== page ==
(7)


OSIN3

OSIN3

OSIN3

OSIN3

OSIN3

OSIN3

OSIN3

DE_GDP

-
0.073






0.050


(0.50)






(0.31)

DEFICIT


1.777








(0.92)






DE_RE



0.014








(0.24)





FISC




-
0.025

-
0.024







(0.30)

(0.28)



DE_GDPDEV






0.247








(0.88)


DE_
GDPIND






-
0.186








(1.13)


SIZE


32
Original Sin and Contract Enforcement
  • Investors are reluctant to lend in countries
    where the institutions designed to enforce their
    claims are weak
  • Chamon (2002) and Aghion, Bacchetta and Banerjee
    (2001) show that if depreciation and default risk
    are correlated and, if in case of default, assets
    are divided among creditors in proportion to
    their nominal claims, domestic currency market
    will disappear
  • This problem could be solved if courts could
    enforce complicated contracts that distinguish
    among creditors of different seniority

33
Original Sin and Contract Enforcement

(1)

(2)

(3)


OSIN3

OSIN3

OSIN3

RULEOFLAW

-
0.050

-
0.053

-
0.182


(0.46)

(0.49)

(2.33)

SIZE

-
0.323

-
0.322

-
0.480


(3.53)

(3.48)

(5.32)

FIN_CENTER

-
0.883




(2.65)



EUROLAND

-
0.326

-
0.325



(1.81)

(1.79)


OTH_DEVELOP
-
0.203

-
0.201


ED


(1.03)

(1.01)


Constant

1.388

1.390

1.486


(13.17)

(13.08)

(12.33)

Observations

75

71

75


34
Original Sin and Political Economy
  • Original sin could be due to the absence of a
    domestic constituency of local currency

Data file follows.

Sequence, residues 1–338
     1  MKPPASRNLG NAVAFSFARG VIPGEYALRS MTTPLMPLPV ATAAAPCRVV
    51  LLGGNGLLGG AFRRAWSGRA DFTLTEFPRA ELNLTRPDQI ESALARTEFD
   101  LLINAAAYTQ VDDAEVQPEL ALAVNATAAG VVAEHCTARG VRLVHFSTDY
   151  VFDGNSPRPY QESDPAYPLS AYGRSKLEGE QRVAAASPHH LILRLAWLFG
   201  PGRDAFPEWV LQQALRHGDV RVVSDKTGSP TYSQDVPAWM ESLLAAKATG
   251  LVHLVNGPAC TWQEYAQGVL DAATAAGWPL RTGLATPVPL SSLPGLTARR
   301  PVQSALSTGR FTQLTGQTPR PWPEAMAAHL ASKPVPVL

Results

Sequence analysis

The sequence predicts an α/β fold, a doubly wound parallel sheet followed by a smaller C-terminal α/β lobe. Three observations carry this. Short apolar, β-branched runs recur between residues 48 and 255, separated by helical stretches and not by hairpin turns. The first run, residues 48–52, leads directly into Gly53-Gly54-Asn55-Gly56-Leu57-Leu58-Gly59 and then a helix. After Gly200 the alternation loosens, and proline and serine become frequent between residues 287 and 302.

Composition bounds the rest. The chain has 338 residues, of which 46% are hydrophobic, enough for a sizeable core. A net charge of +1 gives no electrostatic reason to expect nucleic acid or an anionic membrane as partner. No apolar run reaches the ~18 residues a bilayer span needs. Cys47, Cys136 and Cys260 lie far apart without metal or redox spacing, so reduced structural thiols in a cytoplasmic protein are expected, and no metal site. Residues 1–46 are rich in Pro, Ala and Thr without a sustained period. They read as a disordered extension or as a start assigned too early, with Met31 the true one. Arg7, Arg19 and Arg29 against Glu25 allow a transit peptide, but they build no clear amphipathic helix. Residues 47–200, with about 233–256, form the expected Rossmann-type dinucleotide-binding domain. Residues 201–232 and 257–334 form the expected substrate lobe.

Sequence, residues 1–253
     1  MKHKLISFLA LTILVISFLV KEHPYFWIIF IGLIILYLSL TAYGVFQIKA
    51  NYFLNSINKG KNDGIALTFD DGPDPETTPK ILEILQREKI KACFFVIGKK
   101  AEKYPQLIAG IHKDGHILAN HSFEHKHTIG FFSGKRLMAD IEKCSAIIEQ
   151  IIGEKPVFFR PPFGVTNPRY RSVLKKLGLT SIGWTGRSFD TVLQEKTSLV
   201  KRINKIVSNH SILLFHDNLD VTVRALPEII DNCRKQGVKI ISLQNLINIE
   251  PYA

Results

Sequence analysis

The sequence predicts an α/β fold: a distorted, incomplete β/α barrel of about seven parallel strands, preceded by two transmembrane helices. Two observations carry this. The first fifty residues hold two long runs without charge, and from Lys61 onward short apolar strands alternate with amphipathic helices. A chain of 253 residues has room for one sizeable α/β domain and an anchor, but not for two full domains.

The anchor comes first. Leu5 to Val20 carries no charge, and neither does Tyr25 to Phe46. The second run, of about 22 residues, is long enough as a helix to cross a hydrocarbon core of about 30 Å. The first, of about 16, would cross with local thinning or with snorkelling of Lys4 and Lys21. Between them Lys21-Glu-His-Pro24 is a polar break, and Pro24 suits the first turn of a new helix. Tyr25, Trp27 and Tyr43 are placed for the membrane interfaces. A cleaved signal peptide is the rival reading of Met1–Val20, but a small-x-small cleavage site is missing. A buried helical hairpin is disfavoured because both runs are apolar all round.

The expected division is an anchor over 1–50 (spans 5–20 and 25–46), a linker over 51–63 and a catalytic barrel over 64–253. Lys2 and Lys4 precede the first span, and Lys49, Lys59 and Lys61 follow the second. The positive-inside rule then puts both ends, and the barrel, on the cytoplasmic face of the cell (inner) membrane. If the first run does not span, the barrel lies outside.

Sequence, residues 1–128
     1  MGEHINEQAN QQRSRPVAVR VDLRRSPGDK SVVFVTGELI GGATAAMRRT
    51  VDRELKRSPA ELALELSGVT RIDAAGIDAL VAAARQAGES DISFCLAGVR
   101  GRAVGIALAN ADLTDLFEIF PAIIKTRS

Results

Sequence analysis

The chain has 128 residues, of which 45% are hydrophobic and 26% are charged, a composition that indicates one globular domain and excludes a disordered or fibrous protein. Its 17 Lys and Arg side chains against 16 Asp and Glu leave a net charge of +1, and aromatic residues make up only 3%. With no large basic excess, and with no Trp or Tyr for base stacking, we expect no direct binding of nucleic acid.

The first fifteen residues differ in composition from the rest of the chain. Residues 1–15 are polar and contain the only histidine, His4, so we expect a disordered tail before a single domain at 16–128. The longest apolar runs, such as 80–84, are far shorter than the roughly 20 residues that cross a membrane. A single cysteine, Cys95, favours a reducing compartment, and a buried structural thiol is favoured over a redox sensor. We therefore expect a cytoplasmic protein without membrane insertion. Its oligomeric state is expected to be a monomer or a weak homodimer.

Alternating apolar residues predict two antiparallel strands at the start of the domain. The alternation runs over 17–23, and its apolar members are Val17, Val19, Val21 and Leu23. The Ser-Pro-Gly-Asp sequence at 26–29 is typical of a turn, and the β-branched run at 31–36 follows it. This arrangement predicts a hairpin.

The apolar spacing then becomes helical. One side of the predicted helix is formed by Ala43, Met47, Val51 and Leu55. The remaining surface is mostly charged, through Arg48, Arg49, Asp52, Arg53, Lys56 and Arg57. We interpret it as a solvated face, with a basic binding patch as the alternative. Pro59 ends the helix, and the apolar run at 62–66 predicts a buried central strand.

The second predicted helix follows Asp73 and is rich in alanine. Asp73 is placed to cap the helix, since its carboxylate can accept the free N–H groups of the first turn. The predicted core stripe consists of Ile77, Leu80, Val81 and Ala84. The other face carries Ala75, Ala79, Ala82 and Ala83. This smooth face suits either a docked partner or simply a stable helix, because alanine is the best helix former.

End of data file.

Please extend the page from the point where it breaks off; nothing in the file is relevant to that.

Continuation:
debt-holders prepared to penalize a government
    that debase the currency
  • Tirole (2002) suggests that Original Sin may
    arise from the governments inability to commit
    to protect the rights of foreigners

35
Original Sin and Political Economy

(1)

(2)

(3)

(6)



OSIN3

OSIN3

OSIN3

OSIN3


DC_GDP

-
0.332




-
0.554


(1.49)




(2.99)

FOR_DOM


-
7.289

7.224




(2.15)

(0.86)












SIZE

-
0.290

-
0.360

-
0.323

-
0.399


(3.22)

(4.02)

(3.72)

(4.47)

FIN_CENTER

-
0.75
3

-
0.843

-
0.895



(2.40)

(3.02)

(3.23)


EUROLAND

-
0.226

-
0.301

-
0.299



(1.37)

(2.34)

(2.42)


OTH_DEVELOPED

-
0.224

-
0.223

-
0.254



(1.75)

(1.86)

(2.16)


Constant

1.521

1.431

1.291

1.636


(10.13)

(13.76)

(11.15)

(11.32)

Observations

74

73

72

74


36
Digression on Domestic Original Sin
  • It may be the case that the previous regressions
    do not yield any result because we are not able
    to measure the real size of the domestic local
    currency market
  • This would require building a measure of domestic
    original sin and looking at how it relates to
    international original sin

37
Digression on Domestic Original Sin
  • We were able to build such a measure for a small
    sample of 21 developing countries

38
Digression on Domestic Original Sin